Laws of Eve | Some of our laws have rubber teeth
When Tesha Miller appeared in court to answer charges that he had made a false declaration to immigration officers by using fictitious names to leave the island, he could have used a few coins to pay the paltry fine. The alternative, of facing 10 days in prison, was not even a consideration.
This scenario highlights a worrisome fact there are many archaic laws in Jamaica that demand urgent attention if they are to adequately punish or effectively serve as a deterrent to crime.
NO LONGER USEFUL
While some toothless pieces of legislation might have outlived their usefulness, others are still relevant, but might produce nothing more than gentle admonition if breached.
I was able to find several Acts which provide for fines ranging between J$100 and J$1000. Today, I will review three of them.
The River Rafting Act
This Act that establishes the River Rafting Authority, is intended to, among other things, regulate river rafting in Jamaica. It was enacted on February 20, 1970, and it has never been amended, although it remains important since river rafting is a popular recreational attraction for tourists and locals.
The Act prescribes the making of regulations governing the licensing of rafts; the conduct of rafts men and passengers; as well as the maximum number of persons to occupy a raft. For the breach of any regulations, the maximum fine payable under section 9 (4) is J$200, with optional imprisonment for up to six months.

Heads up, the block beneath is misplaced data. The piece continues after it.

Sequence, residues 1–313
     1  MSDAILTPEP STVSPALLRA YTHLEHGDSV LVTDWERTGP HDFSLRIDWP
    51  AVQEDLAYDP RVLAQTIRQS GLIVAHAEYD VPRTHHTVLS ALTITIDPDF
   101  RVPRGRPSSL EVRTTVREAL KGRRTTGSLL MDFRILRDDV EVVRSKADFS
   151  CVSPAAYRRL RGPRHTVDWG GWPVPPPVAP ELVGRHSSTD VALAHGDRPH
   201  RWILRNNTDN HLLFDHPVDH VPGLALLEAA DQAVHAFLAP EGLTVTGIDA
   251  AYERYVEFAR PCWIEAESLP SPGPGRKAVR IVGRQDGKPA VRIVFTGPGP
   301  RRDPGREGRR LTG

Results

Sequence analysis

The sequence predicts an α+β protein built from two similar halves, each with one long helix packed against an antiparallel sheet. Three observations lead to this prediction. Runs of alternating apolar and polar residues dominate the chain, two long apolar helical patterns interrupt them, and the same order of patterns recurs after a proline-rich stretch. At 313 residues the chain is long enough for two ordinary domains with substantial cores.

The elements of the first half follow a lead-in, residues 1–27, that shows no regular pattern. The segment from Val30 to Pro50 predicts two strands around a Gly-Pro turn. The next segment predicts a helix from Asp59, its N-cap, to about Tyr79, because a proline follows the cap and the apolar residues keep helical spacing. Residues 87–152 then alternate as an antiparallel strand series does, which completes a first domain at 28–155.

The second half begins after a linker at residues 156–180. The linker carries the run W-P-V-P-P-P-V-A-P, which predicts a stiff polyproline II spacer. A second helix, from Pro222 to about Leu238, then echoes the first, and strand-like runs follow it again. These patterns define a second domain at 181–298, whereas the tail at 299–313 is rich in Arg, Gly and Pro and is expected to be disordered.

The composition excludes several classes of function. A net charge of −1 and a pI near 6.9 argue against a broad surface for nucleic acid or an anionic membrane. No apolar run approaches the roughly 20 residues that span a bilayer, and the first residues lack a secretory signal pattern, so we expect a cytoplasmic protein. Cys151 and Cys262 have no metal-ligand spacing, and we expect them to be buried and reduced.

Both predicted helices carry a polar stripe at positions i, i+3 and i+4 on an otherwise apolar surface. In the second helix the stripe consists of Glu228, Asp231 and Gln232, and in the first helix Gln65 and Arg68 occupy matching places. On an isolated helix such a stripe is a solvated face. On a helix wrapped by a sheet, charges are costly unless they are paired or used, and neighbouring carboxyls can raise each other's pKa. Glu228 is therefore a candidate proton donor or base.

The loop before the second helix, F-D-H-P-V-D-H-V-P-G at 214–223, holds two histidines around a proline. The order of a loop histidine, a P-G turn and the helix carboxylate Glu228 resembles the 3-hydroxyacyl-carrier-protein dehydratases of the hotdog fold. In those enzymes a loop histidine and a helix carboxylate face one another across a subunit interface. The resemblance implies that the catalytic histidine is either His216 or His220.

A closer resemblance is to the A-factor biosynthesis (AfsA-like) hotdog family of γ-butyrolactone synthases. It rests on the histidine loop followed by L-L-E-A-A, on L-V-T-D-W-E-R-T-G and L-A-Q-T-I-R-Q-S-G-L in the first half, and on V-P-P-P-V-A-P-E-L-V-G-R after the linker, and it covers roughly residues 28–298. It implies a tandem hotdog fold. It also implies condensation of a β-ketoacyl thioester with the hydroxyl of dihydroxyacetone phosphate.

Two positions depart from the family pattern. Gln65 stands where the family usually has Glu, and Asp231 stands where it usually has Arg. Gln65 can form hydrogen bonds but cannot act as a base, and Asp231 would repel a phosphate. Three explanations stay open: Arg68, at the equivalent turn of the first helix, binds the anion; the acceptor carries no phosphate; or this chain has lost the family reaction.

Interestingly, the regulations were amended as recently as 2007, but the maximum fine was not reviewed.
Human Tissue Act
section 4 - five hundred to one thousand dollars
If you would like your body or a specified part to be used after your death for therapeutic purposes or to be donated for scientific purposes, this is the Act that tells you how to do it. It was enacted on August 24, 1972 and it has never been amended.
According to section 2, anyone who has lawful possession of the body of a deceased, can also make that donation. However, the person who is entrusted with custody of that body to inter or cremate it, has no such authority (section 3 (6) and only a registered medical practitioner is authorised to remove a body part of the deceased person (section 3 (4).
The penalty for breach of section 3 (4) is one $J1000, and for section 3 (6) it is $J500. Thankfully, for commission of these serious offences, a term of imprisonment of up to six months could accompany or be substituted for the fines.
The Undesirable Publications (Prohibition of Importation) Act
section 5 (1) J$100.
On June 20, 1940, in an effort to prevent publication that would be contrary to the public interest from entering Jamaica, this act came into effect. (It should be noted that the Norman Manley International Airport was built in 1940/41 and, according to jamaicaechoes.com, three planes had already landed in Jamaica between 1930 and 1932!)
For anyone who imports, publishes, sells, offers for sale of, distributes, reproduces or has any offending publication, a fine of J$200 is payable. The perpetrator may be imprisoned for up to 12 months, either in addition to the fine, or as an alternative to it.
I do hope that the persons who have the responsibility to review the laws of Jamaica had a wake -up call this week.